Who Was North Korea Supported By

The Soviet Union

The Soviet Union was the first big supporter of North Korea after WWII. The two states signed the Treaty of Friendship, Cooperation and Mutual Assistance in 1949. The Soviets were quick to provide the North Korean regime with military aid and equipment, as well as Economic and Technical Assistance in the form of loans and trade deals. Many of the key figures in the North Korean government were educated in the Soviet Union and they naturally maintained strong links with their homeland. They also went on to promote the ideology of Marxism-Leninism as the core of North Korean governance.

The Soviet Union also provided economic support to North Korea in the form of financial aid, mostly through subsidies and trade credits. Up until the fall of the Soviet Union in 1991, North Korea had maintained a positive trade balance with the Soviets. Additionally, the Soviet Union gave North Korea access to their nuclear technology, which enabled them to develop their own nuclear weapons programme.

North Korea also received military and intelligence assistance from the Soviet Union, with the Soviets providing military equipment, technical advisors and training in the use and maintenance of this equipment. The Soviets also provided support in the form of intelligence gathering, which North Korea relied on in order to maintain its hostile stance towards South Korea and the West.


North Korea also received support from China, with the two states signing a Mutual Aid and Cooperation Friendship Treaty in 1961. Relations between Communist China and North Korea had been strong since the Korean War, and China provided North Korea with economic aid, military support and political representation. Since then, China has become North Korea’s closest ally and has consistently provided them with economic and military assistance. During the Cold War period, China was the main source of military weaponry and technological expertise for North Korea.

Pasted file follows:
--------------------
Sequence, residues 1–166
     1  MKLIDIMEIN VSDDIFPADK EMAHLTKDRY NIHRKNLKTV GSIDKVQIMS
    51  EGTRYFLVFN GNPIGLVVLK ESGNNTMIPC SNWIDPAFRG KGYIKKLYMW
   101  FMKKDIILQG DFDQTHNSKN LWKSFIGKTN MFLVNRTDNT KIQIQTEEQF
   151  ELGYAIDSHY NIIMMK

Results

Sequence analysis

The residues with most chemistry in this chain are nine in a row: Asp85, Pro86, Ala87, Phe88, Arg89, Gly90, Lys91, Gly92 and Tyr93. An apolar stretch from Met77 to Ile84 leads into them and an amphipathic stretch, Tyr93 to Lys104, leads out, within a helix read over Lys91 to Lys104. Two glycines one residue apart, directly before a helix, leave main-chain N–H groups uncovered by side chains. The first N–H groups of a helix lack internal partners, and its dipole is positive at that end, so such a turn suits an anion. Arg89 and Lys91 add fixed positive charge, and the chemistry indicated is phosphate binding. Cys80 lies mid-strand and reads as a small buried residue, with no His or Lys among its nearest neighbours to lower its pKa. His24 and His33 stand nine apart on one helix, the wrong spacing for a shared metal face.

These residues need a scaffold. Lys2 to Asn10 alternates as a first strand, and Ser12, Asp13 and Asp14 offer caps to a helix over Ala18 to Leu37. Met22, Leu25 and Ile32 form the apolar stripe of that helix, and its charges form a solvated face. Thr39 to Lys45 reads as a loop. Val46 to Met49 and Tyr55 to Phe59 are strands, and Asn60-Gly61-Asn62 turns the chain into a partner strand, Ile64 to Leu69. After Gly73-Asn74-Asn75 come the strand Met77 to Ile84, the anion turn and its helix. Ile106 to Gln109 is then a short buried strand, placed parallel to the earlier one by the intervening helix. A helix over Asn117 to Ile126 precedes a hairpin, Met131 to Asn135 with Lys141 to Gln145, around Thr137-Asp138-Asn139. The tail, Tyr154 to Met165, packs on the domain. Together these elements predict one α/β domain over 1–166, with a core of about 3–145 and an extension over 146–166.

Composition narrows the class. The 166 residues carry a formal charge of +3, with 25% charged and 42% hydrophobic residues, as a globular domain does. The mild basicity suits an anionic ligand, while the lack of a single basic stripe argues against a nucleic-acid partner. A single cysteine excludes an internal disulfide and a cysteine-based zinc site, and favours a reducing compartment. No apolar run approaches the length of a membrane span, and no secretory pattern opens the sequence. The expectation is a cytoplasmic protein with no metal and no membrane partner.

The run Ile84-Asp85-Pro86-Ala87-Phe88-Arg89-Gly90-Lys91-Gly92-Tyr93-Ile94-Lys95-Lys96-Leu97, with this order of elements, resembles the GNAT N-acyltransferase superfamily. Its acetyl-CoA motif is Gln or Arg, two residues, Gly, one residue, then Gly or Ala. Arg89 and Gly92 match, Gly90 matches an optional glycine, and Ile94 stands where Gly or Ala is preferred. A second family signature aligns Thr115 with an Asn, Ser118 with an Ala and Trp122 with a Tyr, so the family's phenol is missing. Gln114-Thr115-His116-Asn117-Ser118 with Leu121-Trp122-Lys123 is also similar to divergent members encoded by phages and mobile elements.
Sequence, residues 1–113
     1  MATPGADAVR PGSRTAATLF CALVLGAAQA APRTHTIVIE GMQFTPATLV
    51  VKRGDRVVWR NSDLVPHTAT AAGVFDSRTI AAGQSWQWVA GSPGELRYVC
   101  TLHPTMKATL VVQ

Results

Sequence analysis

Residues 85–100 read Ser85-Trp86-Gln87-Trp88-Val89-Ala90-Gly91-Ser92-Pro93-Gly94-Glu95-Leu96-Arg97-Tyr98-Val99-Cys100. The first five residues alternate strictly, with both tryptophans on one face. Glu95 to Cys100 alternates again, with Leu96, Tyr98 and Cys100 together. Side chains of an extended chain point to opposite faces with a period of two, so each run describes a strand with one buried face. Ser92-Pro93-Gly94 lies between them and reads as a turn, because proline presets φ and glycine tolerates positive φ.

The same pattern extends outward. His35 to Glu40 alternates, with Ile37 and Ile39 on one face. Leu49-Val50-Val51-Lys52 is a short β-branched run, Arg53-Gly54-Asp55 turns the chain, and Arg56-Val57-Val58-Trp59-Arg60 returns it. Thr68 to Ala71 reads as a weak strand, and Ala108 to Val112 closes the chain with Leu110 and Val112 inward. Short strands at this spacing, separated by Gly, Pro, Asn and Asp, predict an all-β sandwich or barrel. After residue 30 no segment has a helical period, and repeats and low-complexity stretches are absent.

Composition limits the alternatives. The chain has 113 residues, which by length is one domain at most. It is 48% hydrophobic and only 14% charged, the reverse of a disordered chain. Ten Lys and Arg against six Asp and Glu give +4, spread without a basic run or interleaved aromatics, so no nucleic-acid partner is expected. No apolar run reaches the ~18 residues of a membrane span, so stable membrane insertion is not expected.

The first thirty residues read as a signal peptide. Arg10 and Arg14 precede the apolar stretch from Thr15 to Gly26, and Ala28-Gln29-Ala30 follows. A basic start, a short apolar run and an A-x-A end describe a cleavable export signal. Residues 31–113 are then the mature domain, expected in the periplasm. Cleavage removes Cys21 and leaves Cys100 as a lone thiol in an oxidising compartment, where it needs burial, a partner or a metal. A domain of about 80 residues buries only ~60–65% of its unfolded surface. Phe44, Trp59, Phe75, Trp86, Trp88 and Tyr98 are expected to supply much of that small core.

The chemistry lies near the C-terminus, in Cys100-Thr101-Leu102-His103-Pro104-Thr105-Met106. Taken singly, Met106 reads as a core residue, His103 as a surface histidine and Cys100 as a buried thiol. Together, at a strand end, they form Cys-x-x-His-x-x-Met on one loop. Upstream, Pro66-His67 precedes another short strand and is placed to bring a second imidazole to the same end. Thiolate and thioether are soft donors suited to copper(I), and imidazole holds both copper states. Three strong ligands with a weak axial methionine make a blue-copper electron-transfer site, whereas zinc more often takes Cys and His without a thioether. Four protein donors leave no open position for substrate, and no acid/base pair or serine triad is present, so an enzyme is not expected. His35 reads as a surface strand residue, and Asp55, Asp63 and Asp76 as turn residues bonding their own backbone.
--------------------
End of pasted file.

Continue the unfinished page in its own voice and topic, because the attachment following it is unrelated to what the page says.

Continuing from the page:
Furthermore, Chinese aid has increased significantly over the last few years, especially in light of the deteriorating situation on the Korean peninsula. China is North Korea’s biggest trading partner by far and has provided them with a steady stream of food and fuel, which has been essential for the North Korean economy. Additionally, China has served as a buffer between North Korea and the international community, preventing the US and its allies from imposing harsher economic sanctions on North Korea.